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Mom vs. Kid

Adapted from New Mom, April 12, 2011

This morning, I realized why my relationship with my 4 year old son seems so familiar. He was headed toward one of those dreaded temper tantrums and I snatched him up so quickly his heart started beating as if he were in fight or flight mode.

Yes, I snatched him.

I was so angry because he literally has these crying clusters (what I call them) for days at a time and this was DAY 3. I’d had enough but I was surprised he could get me so angry and even more surprised to realize that I had experienced these strong emotions before. What our relationship has become is similar to that of a woman and man in love-but not the kind of wistful puppy love that one experiences in the beginning of a relationship.

We are at the part where you see each other’s flaws, learn how to push each other’s buttons and battle each other emotionally until you figure out if the two of you are compatible or just too different to make it. Not everyone has these woes. Some relationships are seamless and you’re finishing each other’s sentences by week 2 and engaged by week 4 but, for the rest of us, we’ve had to fight our way to common ground and pile on a lot of forgiveness in order to heal the damage from the territorial wars waged in the early part of falling in love.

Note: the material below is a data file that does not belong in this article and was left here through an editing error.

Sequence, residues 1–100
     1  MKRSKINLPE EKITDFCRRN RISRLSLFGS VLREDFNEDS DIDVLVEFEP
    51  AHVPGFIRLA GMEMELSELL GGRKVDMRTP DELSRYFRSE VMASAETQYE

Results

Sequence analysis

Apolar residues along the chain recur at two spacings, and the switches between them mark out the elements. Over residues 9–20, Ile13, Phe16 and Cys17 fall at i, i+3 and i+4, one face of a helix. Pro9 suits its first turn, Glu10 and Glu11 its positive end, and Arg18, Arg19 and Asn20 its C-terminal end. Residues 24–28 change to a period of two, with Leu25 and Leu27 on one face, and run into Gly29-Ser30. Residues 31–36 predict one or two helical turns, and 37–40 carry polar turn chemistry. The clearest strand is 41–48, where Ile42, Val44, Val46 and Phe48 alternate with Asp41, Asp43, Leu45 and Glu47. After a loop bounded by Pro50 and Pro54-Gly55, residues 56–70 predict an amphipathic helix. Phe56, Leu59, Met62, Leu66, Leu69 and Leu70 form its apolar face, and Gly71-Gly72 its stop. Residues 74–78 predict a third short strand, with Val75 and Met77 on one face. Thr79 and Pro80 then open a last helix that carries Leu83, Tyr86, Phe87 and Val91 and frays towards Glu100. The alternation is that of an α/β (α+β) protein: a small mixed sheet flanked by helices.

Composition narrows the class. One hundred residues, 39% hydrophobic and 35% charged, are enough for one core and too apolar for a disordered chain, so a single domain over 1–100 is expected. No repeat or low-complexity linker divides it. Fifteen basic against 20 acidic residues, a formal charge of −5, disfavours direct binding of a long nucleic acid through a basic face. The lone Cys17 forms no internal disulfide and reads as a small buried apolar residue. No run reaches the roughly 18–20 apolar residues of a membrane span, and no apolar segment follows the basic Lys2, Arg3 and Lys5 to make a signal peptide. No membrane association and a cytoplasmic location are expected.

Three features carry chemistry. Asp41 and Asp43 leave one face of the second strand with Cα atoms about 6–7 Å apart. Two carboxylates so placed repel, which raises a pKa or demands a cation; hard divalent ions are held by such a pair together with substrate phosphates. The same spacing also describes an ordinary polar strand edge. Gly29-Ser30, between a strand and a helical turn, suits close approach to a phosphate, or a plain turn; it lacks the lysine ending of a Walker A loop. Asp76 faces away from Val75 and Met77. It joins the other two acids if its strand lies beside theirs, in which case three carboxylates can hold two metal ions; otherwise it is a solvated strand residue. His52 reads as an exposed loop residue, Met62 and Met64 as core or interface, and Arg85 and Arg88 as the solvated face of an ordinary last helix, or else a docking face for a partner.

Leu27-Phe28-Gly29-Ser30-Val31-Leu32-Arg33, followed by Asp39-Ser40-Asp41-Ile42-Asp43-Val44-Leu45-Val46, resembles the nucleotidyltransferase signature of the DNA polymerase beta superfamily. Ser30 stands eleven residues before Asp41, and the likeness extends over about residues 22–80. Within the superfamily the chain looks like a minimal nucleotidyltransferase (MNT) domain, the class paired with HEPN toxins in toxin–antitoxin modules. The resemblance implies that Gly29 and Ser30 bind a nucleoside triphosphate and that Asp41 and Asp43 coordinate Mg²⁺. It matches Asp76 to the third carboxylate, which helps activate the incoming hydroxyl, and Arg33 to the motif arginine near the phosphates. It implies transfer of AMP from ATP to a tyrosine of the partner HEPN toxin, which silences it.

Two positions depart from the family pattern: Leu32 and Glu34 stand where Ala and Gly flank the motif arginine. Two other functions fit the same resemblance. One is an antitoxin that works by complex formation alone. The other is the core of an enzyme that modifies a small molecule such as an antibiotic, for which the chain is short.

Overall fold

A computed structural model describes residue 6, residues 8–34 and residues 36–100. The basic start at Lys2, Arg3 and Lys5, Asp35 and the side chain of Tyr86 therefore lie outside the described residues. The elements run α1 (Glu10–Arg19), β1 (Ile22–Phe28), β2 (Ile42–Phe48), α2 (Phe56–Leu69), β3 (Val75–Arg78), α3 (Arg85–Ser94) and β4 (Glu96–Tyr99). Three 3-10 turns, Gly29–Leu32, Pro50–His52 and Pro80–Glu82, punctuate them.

I never realized I would be repeating this pattern with my son and this conflict is no less draining or painful than that between his father and I over a decade ago. As much as I try to keep my emotions in check, occasionally, he gets me riled up and I pull the car over in the middle of my commute to work or pull him out of a store in the middle of a should-be normal shopping experience.

Sometimes I win. I am calm. I am composed. I give the perfect lecture. He listens. I am victorious. Other times, I fail miserably and resort to, “wait until I tell your father,” a weak response in my moments of pure desperation. But some of the best and strongest relationships started with two people at odds.

I hope that I will one day be able to look back at my relationship with my son at the point when it is strong, powerful and beneficial for both of us and this growing pains phase is well behind us. Otherwise, I’m going to have tell his daddy!

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